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After coming in 10th and third in the NCAA Championships the last two years, the Duke women's golf team opened the 2004-05 campaign ranked second in the nation, which broke a streak of six straight years being ranked No. 1 nationally in the preseason polls.

Even though the Blue Devils boasted a roster of only five golfers, the "Mighty-Five had something to prove.  The fall started off with five victories in five tournaments and the Blue Devils were back in their familiar position--ranked No. 1.

Duke opened the season with a six-stroke victory at the NCAA Fall Preview in Sunriver, Ore.  It was highlighted by a then-school-record round of 64 by sophomore Brittany Lang.  Lang collected nine birdies in the round and ended up finishing third overall with a three-day total of 209.

In those five victories, the Blue Devils showed some incredible heart as they came from seven strokes down at the Mason Rudolph Championship to defeat defending NCAA Champion, UCLA, by one stroke. Then at the ACC/SEC Challenge, Duke headed into the final round trailing Auburn by 15 strokes, but led by a NCAA-record round of 62 by Liz Janangelo the Blue Devils were able to pull off a one-stroke victory to win their fourth- straight tournament.

The spring started off earlier than normal at the Northrop Grumman Regional Challenge on Feb. 7, but due to suffering from pneumonia, Janangelo did not travel with the team.  The Blue Devils played with only four golfers and finished third.  Then, Duke traveled to the Lady Gator Invitational and struggled for the consecutive straight tournament finishing third.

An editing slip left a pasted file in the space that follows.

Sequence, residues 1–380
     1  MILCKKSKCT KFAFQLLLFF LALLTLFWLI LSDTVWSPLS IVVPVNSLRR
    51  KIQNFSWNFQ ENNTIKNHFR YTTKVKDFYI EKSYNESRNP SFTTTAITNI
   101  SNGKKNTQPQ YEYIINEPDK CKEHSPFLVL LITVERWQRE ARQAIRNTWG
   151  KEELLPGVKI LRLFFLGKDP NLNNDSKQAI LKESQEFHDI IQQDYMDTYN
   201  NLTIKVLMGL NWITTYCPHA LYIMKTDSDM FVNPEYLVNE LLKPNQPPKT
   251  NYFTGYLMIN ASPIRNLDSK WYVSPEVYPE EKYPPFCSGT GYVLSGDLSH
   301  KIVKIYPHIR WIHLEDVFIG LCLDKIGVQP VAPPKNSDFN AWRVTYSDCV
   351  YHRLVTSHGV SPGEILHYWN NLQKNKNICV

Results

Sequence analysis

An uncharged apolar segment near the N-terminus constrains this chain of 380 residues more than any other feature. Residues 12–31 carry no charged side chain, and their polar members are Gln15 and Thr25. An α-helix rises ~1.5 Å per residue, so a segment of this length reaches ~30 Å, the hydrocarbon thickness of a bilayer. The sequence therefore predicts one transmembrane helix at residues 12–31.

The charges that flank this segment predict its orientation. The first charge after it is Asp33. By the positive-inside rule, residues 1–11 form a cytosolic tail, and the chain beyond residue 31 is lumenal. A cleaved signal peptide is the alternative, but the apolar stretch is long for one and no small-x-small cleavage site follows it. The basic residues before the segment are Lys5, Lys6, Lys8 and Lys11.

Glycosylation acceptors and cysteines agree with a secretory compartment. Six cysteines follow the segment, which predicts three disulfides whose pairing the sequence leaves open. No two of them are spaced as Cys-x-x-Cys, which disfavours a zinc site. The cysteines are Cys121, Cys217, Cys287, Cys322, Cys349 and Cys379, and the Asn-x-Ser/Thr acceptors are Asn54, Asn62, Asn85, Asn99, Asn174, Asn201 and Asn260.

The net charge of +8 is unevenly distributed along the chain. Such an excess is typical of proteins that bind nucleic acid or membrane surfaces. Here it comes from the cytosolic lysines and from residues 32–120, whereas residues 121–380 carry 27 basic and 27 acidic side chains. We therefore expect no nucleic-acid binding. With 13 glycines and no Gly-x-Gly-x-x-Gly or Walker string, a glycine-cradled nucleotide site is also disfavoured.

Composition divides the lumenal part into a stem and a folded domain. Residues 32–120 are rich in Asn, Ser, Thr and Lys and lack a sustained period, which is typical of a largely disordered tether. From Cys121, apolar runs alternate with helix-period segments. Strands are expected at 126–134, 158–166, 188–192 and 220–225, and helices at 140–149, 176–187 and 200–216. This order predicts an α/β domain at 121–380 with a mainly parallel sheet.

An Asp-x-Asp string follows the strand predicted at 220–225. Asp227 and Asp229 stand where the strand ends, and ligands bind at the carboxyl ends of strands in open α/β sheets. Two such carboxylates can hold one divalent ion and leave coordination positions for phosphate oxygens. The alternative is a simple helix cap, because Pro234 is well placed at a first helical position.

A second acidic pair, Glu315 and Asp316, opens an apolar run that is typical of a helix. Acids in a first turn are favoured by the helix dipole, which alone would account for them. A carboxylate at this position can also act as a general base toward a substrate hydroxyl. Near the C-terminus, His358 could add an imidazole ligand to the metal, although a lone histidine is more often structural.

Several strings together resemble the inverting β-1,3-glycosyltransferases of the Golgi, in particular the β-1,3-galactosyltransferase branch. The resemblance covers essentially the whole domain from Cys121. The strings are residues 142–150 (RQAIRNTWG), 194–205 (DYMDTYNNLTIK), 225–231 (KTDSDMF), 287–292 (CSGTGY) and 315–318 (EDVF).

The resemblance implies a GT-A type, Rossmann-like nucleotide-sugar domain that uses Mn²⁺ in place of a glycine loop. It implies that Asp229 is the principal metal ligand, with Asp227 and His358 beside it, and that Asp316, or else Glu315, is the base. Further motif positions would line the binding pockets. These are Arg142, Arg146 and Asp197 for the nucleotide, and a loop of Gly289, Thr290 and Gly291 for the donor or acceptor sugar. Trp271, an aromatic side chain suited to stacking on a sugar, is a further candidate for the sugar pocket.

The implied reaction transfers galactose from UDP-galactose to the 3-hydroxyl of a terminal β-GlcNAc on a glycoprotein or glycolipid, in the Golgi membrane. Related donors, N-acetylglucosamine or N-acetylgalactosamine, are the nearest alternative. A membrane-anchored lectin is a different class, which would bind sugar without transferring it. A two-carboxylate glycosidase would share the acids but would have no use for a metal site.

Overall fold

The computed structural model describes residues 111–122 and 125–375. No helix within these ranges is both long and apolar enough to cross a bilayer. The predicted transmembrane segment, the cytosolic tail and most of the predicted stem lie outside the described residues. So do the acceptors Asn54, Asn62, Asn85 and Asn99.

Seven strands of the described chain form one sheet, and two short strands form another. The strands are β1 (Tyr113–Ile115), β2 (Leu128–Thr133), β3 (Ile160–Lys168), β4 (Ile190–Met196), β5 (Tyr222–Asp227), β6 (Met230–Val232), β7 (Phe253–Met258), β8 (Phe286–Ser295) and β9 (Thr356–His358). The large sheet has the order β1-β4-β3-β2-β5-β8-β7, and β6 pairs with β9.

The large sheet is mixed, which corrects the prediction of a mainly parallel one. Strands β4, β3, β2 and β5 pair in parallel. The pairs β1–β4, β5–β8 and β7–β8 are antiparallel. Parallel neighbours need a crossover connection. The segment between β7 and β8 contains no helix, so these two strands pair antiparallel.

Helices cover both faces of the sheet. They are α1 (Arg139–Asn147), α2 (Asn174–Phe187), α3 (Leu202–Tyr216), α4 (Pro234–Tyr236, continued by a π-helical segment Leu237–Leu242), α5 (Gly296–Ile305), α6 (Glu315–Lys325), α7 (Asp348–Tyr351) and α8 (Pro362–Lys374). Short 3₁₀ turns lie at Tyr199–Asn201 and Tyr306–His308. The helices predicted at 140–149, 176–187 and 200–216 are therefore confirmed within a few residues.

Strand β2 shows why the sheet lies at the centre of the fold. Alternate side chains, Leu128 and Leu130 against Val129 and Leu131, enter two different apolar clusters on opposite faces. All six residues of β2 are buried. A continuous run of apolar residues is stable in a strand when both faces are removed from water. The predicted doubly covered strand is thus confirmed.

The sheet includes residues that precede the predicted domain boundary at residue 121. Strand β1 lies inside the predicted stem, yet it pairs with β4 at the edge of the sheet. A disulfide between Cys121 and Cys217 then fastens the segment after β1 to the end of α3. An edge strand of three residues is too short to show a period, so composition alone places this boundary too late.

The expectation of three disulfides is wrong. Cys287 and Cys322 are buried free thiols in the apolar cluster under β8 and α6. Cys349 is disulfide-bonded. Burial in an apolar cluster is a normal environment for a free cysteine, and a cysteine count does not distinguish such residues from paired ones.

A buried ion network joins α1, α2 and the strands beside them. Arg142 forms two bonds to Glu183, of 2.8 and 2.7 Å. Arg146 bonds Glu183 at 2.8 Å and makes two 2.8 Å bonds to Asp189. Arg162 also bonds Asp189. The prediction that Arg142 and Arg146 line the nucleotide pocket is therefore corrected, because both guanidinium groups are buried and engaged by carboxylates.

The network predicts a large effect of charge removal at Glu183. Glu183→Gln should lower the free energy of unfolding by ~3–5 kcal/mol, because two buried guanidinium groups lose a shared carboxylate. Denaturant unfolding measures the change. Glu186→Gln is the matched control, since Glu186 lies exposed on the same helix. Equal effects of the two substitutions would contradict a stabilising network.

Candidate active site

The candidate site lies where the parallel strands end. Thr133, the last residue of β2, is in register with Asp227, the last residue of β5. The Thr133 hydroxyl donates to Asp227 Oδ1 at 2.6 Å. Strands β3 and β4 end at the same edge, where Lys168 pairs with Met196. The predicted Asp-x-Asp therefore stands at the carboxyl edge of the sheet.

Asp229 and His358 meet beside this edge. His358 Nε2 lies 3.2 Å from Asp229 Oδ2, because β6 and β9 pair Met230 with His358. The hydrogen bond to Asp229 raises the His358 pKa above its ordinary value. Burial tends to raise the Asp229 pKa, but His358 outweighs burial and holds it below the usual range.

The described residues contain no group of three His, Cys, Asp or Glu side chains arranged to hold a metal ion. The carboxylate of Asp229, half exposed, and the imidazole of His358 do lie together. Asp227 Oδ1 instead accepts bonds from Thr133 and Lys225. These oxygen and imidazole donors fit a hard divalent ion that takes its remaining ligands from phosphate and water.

The Blue Devils were back to normal in the next three events winning the Betsy Rawls Longhorn Invitational, Bryan National Collegiate and their 10th-straight ACC Championship.  The victory at the Bryan National was improbable as Duke traveled once again with only four golfers as senior Niloufar Aazam-Zanganeh was sidelined with a wrist injury.            

The ACC title came in record fashion, winning by an ACC Championship mark of 47 strokes.  Lang continued her impressive spring campaign by winning her second straight ACC Championship and third overall tournament out of five events.

All spring the Blue Devils dealt with two very important wrist injuries to sophomore Anna Grzebien and Aazam-Zanganeh.  Both were seeing a trainer often and were trying to rest the very important wrists since the Blue Devils only had five golfers on the roster.

Next up was the NCAA East Regional where the Blue Devils were the five-time defending region champions, but it was being played on a course where they finished third earlier this season.  Duke ended up finishing second to Ohio State, but it was the coming out party for Grzebien as she registered her first career victory with rounds of 73-69-67 to finish with a career-best 54-hole total of 209.